He’s fallen in love with Maude. The two start spending all of their time together, going on wild adventures. They steal a lot of cars, take a small tree from the city to plant in the forest, and learn to play music together. And, in the process, Harold finally is able to come to terms with the real reason that he fakes so many suicides, revealing to Maude that while in school he was involved in a chemistry lab accident that led the school to think he’d died. And, after witnessing his mother’s dramatic reaction to his supposed death, Harold has decided that his death would be a good thing. But, Maude helps him realize that there’s more to life than death, and the two end up sleeping together. Harold then makes his intentions known that he wishes to marry Maude, planning a massive eightieth birthday party for her where he’ll propose. His mother is aghast by this choice, but Harold ignores her and gives Maude a wonderful birthday. But, as they dance together, she reveals that she has taken an overdose of sleeping pills, having always planned to kill herself on her eightieth birthday party. Harold rushes Maude to the hospital, desperate to save her. But, he’s too late. Maude dies, and Harold is left alone. But, instead of regressing to his depressed state Harold destroys his hearse and wanders off to start a new life, one that will enjoy the pleasures and potential that living has to offer.
I feel like more often than not I end up feeling a little disappointed when I see some of the more famous Midnight Movies for the first time. Usually I check them out and find that the reason they gained their cult status is because they were “so bad they’re good.” And, while I have an incredibly fondness of Mystery Science Theater 3000, that whole purposefully bad thing can really wear down on me. But, every now and then I come across a film that gained a cult status not because it was bad, but because it was just too weird to be accepted by mainstream audiences. And, that’s what Harold and Maude is. It doesn’t have near the polish that director Hal Ashby’s later works would have, but this movie is anything but “so bad it’s good.” It’s just one of the strangest movies you’ll ever see in your life. It really and truly is structured like a pretty typical romantic comedy, just between an 80 year old woman and a massively depressed young man. And, weirdly enough, the film never really seems to mock their love for the age discrepancy. The other characters in the film are pretty horrified by it, but the movie itself doesn’t attempt to shame them or anything. It’s just a charming love story about two people who don’t fit inside the traditional mold. And we completely buy their friendship and their love, primarily thanks to a pair of truly wonderful performances. Ruth Gordon has quite a storied career as an actress, appearing in films, television, and plays for decades, and the life she brings to the zany and artistic Maude is truly something to behold. Likewise, Bud Cort is able to find a humanity in Harold, which could so very easily tip over into becoming a completely unappealing and annoying character. But, they work well together, and end up becoming a very enjoyable screen couple, telling a love story that’s somehow unlike anything else you’ve seen, and yet intimately familiar.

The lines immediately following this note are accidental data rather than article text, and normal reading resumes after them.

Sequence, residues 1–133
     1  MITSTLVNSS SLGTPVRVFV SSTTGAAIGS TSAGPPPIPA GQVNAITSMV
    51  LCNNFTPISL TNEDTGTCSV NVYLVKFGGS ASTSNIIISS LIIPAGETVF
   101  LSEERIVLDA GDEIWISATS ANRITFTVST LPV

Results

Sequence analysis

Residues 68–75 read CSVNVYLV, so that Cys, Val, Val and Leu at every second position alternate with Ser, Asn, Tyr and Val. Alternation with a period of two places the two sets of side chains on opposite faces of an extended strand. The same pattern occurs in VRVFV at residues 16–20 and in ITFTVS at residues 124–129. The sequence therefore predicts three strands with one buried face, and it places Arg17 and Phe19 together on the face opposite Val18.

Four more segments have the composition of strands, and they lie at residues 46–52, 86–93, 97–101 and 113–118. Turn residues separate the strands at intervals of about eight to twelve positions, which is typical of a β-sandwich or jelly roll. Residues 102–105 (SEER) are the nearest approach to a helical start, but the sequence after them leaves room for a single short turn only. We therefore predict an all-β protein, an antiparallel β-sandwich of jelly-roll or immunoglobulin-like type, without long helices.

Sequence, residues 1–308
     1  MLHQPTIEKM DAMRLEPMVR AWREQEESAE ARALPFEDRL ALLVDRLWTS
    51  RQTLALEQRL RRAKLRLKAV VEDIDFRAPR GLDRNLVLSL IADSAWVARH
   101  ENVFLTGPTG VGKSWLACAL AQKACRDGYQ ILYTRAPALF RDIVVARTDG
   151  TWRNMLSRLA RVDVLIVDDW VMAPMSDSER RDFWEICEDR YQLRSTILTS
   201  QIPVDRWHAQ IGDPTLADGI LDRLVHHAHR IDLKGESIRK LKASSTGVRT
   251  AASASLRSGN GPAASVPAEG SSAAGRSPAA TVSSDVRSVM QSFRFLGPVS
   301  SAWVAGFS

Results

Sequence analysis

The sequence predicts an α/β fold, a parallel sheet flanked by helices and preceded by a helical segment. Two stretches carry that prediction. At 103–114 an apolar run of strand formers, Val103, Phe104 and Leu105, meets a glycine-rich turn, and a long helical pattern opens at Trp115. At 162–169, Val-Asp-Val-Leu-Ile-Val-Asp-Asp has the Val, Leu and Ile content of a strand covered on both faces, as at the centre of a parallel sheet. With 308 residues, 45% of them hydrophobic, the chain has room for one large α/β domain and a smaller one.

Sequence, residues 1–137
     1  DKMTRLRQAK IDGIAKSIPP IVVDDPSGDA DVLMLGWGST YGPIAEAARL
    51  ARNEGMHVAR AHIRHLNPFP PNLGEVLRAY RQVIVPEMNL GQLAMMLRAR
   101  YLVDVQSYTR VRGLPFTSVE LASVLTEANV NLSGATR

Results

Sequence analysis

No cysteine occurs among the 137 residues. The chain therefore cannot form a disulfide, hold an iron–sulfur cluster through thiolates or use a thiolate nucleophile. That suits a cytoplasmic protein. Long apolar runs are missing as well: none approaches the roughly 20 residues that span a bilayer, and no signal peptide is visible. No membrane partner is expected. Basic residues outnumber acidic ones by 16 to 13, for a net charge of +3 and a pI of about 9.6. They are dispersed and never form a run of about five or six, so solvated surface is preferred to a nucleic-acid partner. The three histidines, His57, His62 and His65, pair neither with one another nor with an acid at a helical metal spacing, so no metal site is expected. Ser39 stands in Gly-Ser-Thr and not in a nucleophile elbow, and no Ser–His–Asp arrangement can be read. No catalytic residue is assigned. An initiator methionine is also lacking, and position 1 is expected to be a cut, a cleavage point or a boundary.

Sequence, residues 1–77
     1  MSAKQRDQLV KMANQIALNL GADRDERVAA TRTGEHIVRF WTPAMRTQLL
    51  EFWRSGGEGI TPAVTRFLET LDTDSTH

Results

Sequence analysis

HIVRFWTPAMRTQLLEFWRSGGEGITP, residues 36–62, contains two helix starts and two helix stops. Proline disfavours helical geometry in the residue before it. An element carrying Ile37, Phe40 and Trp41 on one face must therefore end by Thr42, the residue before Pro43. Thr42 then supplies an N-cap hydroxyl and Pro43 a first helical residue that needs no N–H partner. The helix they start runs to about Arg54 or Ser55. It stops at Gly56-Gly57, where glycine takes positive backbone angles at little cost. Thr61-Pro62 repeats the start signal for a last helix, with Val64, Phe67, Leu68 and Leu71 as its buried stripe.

There’s a concept, coined by the great Nathan Rabin, known as a Manic Pixie Dream Girl. It’s a term used to shame male screenwriters who create female characters who don’t resemble any sort of actual human being, and are just some sort of idealized version of a woman who lives and breathes art and who makes the male protagonist a better man thanks to her love. It’s a term that has certainly become over-used since it was first coined, but it does point out a very strange trend among romantic comedies. And, weirdly enough, part of me does kind of think that Maude could be considered a Manic Pixie Dream Girl, but one who skews a little more towards reality. She’s a very strange person, who doesn’t seem to do anything other than enjoy life. She lives in an old train car, she plays music, she creates scents, she attends funerals, and she just generally seems to live life to its fullest. She’s a character who has seen the darkest humanity has to offer, and has decided to counter than darkness by putting as much light and positivity into the world as she can. And, though that, she’s able to save Harold from succumbing to a life of ennui and death. He becomes a better person thanks to Maude. But, not at the expense of Maude’s character. The problem with the Manic Pixie Dream Girl trope is that they aren’t really people. They don’t live real lives, they’re just objects in order to help the male protagonists. But, Maude is different. She fulfills a lot of tropes related to the Manic Pixie Dream Girl, but she feels more authentic. She’s a real person who helps inspire Harold to be a real person as well, but doesn’t have to give up any agency in the process. It’s apparently an easy hole for male screenwriters to fall in, especially when writing stories about men who learn to be better, but Harold and Maude functions as a demonstration on how to do this whole thing right.
Harold and Maude was written by Colin Higgins, directed by Hal Ashby, and released by Paramount Pictures, 1971.